The trial for the first ever vaccine to prevent kala azar, or visceral leishmaniasis (VL), is all set to begin in the US and India.
The trials funded by the Bill & Melinda Gates Foundation are launched by the Infectious Disease Research Institute (IDRI), a Seattle-based non-profit research body with a companion Phase 1 trial planned in India, an epicenter of the disease.
IDRI is transferring its technology to Pune's Gennova Biopharmaceuticals, which has opened a new facility that will produce the candidate vaccine for the clinical trial to begin later in 2012.
The phase-1 trial in the US has been launched in Washington state in the US, IDRI said.
"Our partnership with India will speed the development of an effective vaccine and accelerate control of the disease," IDRI founder and Chief Scientific Officer Steve Reed told IANS at the opening of the new facility in Pune last month.
"The trials (in the US and India) are a milestone toward halting a disease with a 90 percent fatality rate within two years if left untreated, killing much more quickly than AIDS," IDRI said in a statement.
VL affects vital organs and bone marrow, destroying white and red blood cells. If untreated it can kill within two years.
It causes about 500,000 cases and 50,000 deaths each year, and is most common in India, Nepal, Bangladesh, Sudan and Brazil.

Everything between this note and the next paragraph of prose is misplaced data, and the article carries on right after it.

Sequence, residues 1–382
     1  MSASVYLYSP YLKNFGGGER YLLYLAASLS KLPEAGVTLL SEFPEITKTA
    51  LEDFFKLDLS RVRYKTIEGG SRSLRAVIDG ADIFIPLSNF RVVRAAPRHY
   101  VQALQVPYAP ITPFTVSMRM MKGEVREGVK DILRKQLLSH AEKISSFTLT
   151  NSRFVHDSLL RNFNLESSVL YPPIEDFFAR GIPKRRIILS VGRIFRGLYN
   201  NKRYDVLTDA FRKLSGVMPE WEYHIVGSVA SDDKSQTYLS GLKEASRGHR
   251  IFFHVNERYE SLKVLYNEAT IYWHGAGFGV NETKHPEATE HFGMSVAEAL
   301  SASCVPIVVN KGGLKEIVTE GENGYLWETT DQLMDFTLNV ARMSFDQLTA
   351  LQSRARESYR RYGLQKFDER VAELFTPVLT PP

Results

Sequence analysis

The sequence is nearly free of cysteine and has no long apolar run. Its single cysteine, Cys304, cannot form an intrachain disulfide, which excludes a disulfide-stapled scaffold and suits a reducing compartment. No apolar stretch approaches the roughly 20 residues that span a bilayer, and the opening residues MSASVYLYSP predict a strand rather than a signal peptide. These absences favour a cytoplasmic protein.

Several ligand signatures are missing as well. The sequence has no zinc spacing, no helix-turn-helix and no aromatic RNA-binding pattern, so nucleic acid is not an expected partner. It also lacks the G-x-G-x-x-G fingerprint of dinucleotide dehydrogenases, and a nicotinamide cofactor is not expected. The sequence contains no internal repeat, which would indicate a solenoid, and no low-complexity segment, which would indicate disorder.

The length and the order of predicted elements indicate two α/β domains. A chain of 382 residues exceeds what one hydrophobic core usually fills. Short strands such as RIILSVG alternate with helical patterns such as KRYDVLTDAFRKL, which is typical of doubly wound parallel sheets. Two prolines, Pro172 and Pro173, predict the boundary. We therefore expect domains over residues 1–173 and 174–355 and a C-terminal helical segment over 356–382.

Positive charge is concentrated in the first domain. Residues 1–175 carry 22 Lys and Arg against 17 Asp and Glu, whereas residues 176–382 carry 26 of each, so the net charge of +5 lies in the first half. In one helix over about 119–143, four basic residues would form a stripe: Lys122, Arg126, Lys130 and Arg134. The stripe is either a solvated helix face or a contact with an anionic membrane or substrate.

In India, VL is known as kala azar, a Hindi word that means black fever, named after the fever that ravages affected individuals, whose skin becomes dark gray.
While the disease can be treated, current treatments are too expensive, difficult to administer or toxic for widespread use in poor countries.
Drug resistance is also a growing problem, particularly in India. Left untreated, VL has a 90 percent case fatality and death can come within two years, much more quickly than AIDS, IDRI said.
The IDRI vaccine, known as LEISH-F3 + GLA-SE, is a highly purified, recombinant vaccine.
It incorporates two fused Leishmania parasite proteins and a powerful adjuvant to stimulate an immune response against the parasite.
The Phase 1 clinical trial to evaluate the safety and immunogenicity of the vaccine will enrol 36 adult volunteers in Washington.
The second Phase 1 trial will take place in India where the vaccine produced at Gennova's new facility in Pune will be tested on healthy adults, in collaboration with the Banaras Hindu University in Varanasi.
"Kala azar is a significant health problem across northern India and neighbouring countries," said Sanjay Singh, CEO of Gennova.
"Bringing a vaccine to India will not only end deaths and disease, it will also help many of our poorest citizens to lead more productive lives and move out of poverty."
The IDRI said that subsequent clinical trials will involve larger numbers of people who are at high risk of developing VL during their daily lives, because they are frequently bitten by sand flies.
Only such large trials, conducted in real-life situations of disease exposure, will determine the full effectiveness of the vaccine.
(K.S. Jayaraman can be contacted at firstname.lastname@example.org)